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Tunisia: CFJ denounces President Saied’s attacks on civil society organisations

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Tunisian President Qais Saied in a ministerial meeting on March 8 called on the Central Bank Governor to take necessary measures through the Financial Analysis Committee to monitor the flow of foreign funds to civil society organizations.


Prior to this meeting, Saied had criticized the Financial Analysis Committee of the Central Bank, asserting, in a meeting with the Prime Minister and the Ministers of Justice and Finance on November 24, that the Committee must fulfill its role and to be in charge of monitoring foreign financing. He added, “The Tunisian Central Bank and its leadership must remember that it is a public institution, not independent from the state, and there must be a limit to this laxity.”


Weeks ago, he made a “surprise visit” to the headquarters of the Central Bank, followed by replacing the Director-General of the Financial Analysis Committee and then the Governor of the Central Bank. President Saied also explicitly criticized some senior politicians, civil society activists and some unionists, accusing them of financial corruption and “suspicious” dealings with parties hostile to the country, including “Zionist and colonial lobbies,” as he put it.


These statements and actions come in conjunction with the approaching date of the new presidential elections scheduled for the coming fall, amid speculations that they are intended to pressure civil society organizations not to focus on expected violations. These elections are expected to take place in an authoritarian and despotic atmosphere dominating the political and social life in Tunisia, with authorities concentrating power in the hands of the President.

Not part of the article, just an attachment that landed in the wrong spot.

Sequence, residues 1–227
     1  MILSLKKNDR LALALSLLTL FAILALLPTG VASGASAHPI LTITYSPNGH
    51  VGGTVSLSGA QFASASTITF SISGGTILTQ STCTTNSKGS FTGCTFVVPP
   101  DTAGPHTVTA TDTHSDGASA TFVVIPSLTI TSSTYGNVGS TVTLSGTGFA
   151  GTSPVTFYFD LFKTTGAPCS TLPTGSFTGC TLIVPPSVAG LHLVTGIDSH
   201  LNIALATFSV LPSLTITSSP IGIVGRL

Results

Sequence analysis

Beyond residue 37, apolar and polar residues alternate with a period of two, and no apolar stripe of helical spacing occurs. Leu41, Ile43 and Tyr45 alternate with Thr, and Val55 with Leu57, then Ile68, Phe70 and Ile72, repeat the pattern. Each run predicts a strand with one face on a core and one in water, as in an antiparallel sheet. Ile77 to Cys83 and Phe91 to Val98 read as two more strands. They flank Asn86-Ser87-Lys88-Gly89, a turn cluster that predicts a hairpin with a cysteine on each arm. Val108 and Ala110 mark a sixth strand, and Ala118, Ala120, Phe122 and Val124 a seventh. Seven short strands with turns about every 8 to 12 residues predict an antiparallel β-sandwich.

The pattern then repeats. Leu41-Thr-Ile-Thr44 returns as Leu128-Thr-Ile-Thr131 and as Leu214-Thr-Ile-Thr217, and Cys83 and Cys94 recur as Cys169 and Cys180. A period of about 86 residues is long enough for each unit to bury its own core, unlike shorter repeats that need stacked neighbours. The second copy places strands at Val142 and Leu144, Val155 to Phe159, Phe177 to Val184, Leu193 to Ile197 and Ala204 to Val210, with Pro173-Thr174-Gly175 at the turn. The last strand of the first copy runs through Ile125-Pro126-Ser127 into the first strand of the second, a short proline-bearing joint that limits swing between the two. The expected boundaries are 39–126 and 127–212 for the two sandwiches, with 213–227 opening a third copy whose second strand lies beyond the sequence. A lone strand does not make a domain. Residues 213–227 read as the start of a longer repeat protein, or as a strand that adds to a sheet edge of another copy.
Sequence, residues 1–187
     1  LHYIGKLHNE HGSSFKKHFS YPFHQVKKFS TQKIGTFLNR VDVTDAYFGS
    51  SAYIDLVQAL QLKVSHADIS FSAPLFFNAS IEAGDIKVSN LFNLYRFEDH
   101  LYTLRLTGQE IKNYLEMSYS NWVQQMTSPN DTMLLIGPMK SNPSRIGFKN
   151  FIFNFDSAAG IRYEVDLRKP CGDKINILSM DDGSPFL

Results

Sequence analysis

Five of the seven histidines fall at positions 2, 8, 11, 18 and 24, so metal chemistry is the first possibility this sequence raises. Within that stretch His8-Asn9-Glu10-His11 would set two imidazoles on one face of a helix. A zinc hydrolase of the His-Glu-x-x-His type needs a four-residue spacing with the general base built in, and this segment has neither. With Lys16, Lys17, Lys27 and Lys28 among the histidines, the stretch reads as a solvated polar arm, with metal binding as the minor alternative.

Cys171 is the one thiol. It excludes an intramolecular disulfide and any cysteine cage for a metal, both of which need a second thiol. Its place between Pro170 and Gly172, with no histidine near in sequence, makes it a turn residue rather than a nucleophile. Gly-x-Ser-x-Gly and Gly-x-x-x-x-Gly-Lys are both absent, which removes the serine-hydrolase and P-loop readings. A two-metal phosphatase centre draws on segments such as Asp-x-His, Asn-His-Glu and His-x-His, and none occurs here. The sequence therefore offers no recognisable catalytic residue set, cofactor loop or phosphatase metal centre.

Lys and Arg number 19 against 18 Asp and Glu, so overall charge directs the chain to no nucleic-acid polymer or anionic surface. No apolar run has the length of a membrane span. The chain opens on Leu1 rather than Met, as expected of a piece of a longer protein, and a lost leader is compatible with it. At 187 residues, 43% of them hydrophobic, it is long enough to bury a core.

The Executive Director of the Committee for Justice, Ahmed Mefreh, affirmed that “President Saied’s statements – and the expected actions resulting from them – constitute a clear prelude to deliver a repressive blow to civil society in the country, out of fear of its effective engagement with the upcoming presidential elections, which are soon to be held.”



He emphasized that “it would be a crippling blow to the nascent democratic experience in Tunisia after the Jasmine Revolution.”


CFJ considers that such a step, in addition to attempting to amend the law regulating the establishment, operation, and financing of civil society organizations, or introducing amendments to it, all fall within the framework of a campaign against civil society in Tunisia. Civil society represents the last lung from which democracy breathes, after the executive power’s encroachment and domination over all authorities in the country.


Therefore, CFJ strongly rejects the recent statements by the Tunisian President regarding foreign funding, describing his characterization of organizations receiving foreign funding as “treason” and “conspiracy against state security” as an evident intention from the executive authorities in Tunisia to undermine civil society in the country and diminish its active role in safeguarding and defending democracy. It also considers it a blatant violation of the freedom

of action of civil society organizations and an interference in their financial and administrative affairs, which the Tunisian Law No. 88 of 2011 protects.


CFJ calls upon the Tunisian civil society to unite against the explicit attack by the presidency institution, and declare their rejection of any interventions in their work, whether organizational or financial. It urges the Tunisian state to respect strategic partnerships with international institutions specialized in supporting civil society and promoting a culture of pluralism, tolerance, and support for freedoms, which are safeguarded by international conventions and treaties signed by Tunisia.

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